THE jury is in, and the verdict is unanimous.

Despite the modest margin of Ultimate Stride’s success in Saturday night’s I Didnt Do It Free For All at Melton, the dye is now cast regarding our young trotting stars and our stalwart veterans. 

The first blow was struck just a fortnight earlier when Mufasa Metro led, dictated and humbled a very similar assortment of adversaries. 

Already, the signs were ominous. 

At that point, however, question marks remained. 

After all, as previously mentioned, Mufasa Metro, a four-year-old who had previously displayed elite talent, did lead in his open class success and leading the top level is an almighty advantage. 

Ultimate Stride, however, didn’t find the front. 

In fact, he raced off speed in a contest that certainly wasn’t staged in any manner to suit those who did. 

Regardless of this fact, the Chris Lang-trained five-year-old loomed at his leisure and fundamentally dealt with an aging group of rivals who simply couldn’t match his speed, class, and youth. 

It must be said that those left in Ultimate Stride’s wake on Saturday night are no longer the gold-standard of Victorian – and by extension Australian – squaregaiting. 

Those roles are clearly occupied by Majestuoso and Im Ready Jet, horses who likely remain beyond the scope of Mufasa Metro, Ultimate Stride and pretty much everyone else. 

Nevertheless, it’s now almost Gospel that an emerging group of largely untested trotters will provide the greatest obstacles to our top-ranked performers rather than their long-term contemporaries. 

Exactly how close young stars like those referenced, and perhaps more critically Queen Elida, can get to Majestuoso and Im Ready Jet remains to be seen and may not be known for very many weeks. 

One thing is certain. Finding out will be bucketloads of fun.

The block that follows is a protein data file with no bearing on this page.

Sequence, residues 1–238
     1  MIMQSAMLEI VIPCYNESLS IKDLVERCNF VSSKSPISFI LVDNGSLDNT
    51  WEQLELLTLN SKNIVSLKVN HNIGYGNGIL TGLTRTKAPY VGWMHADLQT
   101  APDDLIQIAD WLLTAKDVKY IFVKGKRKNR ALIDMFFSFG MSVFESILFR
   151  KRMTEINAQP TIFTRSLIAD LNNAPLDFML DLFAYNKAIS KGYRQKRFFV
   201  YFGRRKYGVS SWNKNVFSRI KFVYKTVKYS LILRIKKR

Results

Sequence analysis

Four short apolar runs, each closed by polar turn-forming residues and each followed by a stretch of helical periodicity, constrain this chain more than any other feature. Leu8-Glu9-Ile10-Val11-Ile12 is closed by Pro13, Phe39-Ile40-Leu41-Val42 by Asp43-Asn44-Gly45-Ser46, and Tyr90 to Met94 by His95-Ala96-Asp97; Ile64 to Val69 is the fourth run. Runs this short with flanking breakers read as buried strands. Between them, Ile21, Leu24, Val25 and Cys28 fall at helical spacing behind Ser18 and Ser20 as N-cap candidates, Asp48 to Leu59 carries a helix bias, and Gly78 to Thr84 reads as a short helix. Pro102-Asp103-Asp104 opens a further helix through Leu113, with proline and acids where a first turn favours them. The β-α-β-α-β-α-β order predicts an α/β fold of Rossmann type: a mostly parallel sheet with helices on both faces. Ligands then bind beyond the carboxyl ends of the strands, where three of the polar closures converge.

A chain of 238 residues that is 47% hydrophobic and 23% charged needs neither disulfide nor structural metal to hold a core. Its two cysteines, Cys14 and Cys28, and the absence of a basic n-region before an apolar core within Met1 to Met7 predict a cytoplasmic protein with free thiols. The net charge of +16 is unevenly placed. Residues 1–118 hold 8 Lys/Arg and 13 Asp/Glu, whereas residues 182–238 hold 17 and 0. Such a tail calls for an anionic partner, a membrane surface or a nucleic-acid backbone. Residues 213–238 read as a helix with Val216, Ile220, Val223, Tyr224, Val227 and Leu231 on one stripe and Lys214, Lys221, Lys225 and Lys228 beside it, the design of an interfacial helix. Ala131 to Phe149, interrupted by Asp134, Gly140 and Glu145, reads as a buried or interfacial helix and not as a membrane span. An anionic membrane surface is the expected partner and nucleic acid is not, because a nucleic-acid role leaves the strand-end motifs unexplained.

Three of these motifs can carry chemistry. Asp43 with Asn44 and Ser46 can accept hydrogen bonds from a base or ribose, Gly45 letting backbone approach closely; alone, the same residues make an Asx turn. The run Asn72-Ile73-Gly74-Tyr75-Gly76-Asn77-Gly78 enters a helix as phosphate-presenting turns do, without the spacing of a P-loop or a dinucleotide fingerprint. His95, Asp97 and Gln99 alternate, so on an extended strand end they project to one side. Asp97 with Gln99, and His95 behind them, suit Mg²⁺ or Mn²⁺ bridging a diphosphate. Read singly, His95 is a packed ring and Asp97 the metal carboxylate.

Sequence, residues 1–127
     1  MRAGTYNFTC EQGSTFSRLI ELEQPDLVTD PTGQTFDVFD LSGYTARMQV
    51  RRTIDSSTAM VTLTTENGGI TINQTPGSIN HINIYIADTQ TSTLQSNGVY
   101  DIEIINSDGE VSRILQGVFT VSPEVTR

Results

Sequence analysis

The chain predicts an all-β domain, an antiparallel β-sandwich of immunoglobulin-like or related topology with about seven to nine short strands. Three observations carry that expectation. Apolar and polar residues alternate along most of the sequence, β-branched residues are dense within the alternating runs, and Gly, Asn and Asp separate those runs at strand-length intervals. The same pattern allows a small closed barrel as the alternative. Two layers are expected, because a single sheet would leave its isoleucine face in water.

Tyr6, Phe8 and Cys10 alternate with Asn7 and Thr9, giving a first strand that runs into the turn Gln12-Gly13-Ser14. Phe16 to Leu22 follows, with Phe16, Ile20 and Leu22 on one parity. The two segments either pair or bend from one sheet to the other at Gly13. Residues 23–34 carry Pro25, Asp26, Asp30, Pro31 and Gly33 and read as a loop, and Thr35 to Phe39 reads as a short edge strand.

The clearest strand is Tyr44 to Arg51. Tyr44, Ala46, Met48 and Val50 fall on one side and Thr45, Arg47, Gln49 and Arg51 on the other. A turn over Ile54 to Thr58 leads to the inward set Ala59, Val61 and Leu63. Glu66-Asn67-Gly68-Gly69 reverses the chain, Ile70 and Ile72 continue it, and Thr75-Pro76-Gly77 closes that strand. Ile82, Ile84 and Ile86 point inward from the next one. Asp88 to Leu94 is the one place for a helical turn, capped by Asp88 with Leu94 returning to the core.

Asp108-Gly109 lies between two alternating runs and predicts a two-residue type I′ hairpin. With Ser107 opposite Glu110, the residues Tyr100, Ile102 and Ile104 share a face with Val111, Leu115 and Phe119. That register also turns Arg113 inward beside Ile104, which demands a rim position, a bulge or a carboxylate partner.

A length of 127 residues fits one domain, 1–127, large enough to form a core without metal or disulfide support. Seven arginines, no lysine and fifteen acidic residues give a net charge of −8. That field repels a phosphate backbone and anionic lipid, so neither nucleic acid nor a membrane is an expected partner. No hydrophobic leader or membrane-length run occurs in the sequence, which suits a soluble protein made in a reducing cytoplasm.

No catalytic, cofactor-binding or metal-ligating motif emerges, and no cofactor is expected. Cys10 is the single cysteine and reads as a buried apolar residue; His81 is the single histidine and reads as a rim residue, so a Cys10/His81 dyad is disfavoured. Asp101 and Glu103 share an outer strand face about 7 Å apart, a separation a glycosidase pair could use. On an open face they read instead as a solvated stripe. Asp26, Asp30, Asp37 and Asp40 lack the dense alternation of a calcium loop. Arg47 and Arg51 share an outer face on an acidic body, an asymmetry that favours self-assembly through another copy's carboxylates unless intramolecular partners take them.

HE’S already a Group 1 winner with genuine Grand Circuit credentials but based on his Saturday night’s first-up success Triple Eight is set for his finest preparation yet.

Sure, this contest was some distance shy of the headline assignments which lay before the Larajay Farm-trained seven-year-old in weeks and months to come which may well include the Blacks A Fake during Queensland’s Winter Carnival and November’s Inter Dominion series. 

Sometimes, however, it’s not the talent of the opposition that one defeats, but rather the manner with which they beat them that speaks greater volume. 

And Triple Eight toyed with his rivals at Melton. 

Leading into the Pryde’s Easifeed Pace there was every reason to think Jess Tubbs’s Victoria Cup runner-up would be well short of his brilliant best despite three outstanding trials to fit him for the challenge. 

During their short lifespan, Larajay Farm have been brilliant at targeting major goals at the expense of less fruitful events. 

At the end of the day, however, class cannot be denied. 

Ad Triple Eight is class with a capital C. 

The opinions expressed in The Forum are those of the author and may not be attributed to or represent policies of Harness Racing Victoria, which is the state authority and owner of